In the wake of a federal court's decision Friday to pause construction on part of the Dakota Access pipeline, observers are stressing that the order is only temporary.
The oil pipeline cannot move forward for now within 20 miles of Lake Oahe, a contested section of the route near tribal land in North Dakota. But the U.S. Court of Appeals for the District of Columbia Circuit, which issued the order late Friday, could reopen the area as soon as this week.
While Dakota Access challengers cheered the decision, many emphasized that it was merely a short-term measure.
"The Tribe appreciates this brief reprieve from pipeline construction and will continue to oppose this project, which will severely jeopardize its water and cultural resources," the Standing Rock Sioux Tribe, which is leading opposition, said in a statement over the weekend. "We will not rest until our lands, people, waters, and sacred sites are permanently protected from this destructive pipeline."
The 1,172-mile Dakota Access pipeline would carry as much as 570,000 barrels a day of Bakken crude through North and South Dakota, Iowa, and Illinois. The 20-mile area west of Lake Oahe, a dammed section of the Missouri River, is said by tribal representatives to contain at least one burial ground.
The court's order is an administrative injunction, designed to keep construction at bay while the three-judge panel considers the tribe's request for an emergency injunction (Greenwire, Sept. 16).
An emergency measure, if granted, would stay in place while the panel reviews a lower court's recent decision to reject the Sioux's request to freeze work on the length of the pipeline.
In its short order, the court noted that the decision "should not be construed in any way as a ruling on the merits of that motion."
The panel included Judges Janice Rogers Brown and Thomas Griffith, Republican appointees, and Judge Nina Pillard, a Democratic appointee. The order noted that Brown would not have granted the temporary injunction.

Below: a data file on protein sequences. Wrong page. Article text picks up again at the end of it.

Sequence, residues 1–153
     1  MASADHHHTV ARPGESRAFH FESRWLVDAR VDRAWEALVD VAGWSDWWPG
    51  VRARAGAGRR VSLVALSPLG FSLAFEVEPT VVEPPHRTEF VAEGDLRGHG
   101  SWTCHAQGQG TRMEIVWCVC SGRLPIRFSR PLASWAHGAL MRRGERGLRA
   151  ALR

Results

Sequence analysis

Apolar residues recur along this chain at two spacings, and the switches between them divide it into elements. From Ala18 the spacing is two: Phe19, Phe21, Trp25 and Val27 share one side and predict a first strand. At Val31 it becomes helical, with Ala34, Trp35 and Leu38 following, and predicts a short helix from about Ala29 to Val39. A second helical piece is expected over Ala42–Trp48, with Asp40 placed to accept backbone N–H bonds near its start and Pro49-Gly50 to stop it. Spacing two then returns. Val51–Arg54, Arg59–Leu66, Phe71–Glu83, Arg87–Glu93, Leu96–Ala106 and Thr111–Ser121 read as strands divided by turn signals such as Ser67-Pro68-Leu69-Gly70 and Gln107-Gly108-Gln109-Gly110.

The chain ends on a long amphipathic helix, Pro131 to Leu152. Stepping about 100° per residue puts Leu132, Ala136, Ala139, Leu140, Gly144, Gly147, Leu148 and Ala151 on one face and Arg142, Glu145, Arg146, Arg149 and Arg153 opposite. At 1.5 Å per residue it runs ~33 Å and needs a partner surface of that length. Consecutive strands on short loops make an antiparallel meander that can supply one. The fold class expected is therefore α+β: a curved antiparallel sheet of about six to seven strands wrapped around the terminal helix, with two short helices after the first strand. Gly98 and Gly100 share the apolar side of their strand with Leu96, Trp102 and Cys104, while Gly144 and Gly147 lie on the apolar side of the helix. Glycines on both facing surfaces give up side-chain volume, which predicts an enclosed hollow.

Pipeline challengers praised the decision but urged their ranks not to pull back on opposition efforts.
"This is a major victory but we must remain vigilant in the fight to protect our land, water and people," Sen. Bernie Sanders (I-Vt.) said on Twitter.
Bold Alliance President Jane Kleeb, who led opposition against the scuttled Keystone XL pipeline and rallied activists against Dakota Access, urged supporters to focus on the broader battle over pipeline reform.
"The current patchwork quilt of national and state laws is not working for anyone," she said in an email. "Advocates continue to stand up for water, property rights, climate and Sovereign rights against these risky and unnecessary pipelines."
Lake Oahe and its shorelines, meanwhile, remain off-limits to construction while the Army Corps of Engineers decides whether to grant an easement there — a decision that could come in the next few weeks (E&ENews PM, Sept. 16).
ClearView Energy Partners analyst Christine Tezak said the pipeline's prospects hinge on the administration's actions — not the court's.
"The visibility on the construction timeline remains clouded by the incremental federal agency review, a review which is not based on any formal process deadlines or known decision parameters," she said, adding, "which means it doesn't matter what happens in court."
Dakota Access backers say they remain confident that the project will ultimately be allowed to move forward.
"Although disappointing, we respect the process and the court's decision to issue this temporary injunction so it can spend time considering the facts of the case," Craig Stevens, spokesman for the Midwest Alliance for Infrastructure Now, or the MAIN Coalition, said Friday.
Reporter Hannah Northey contributed.
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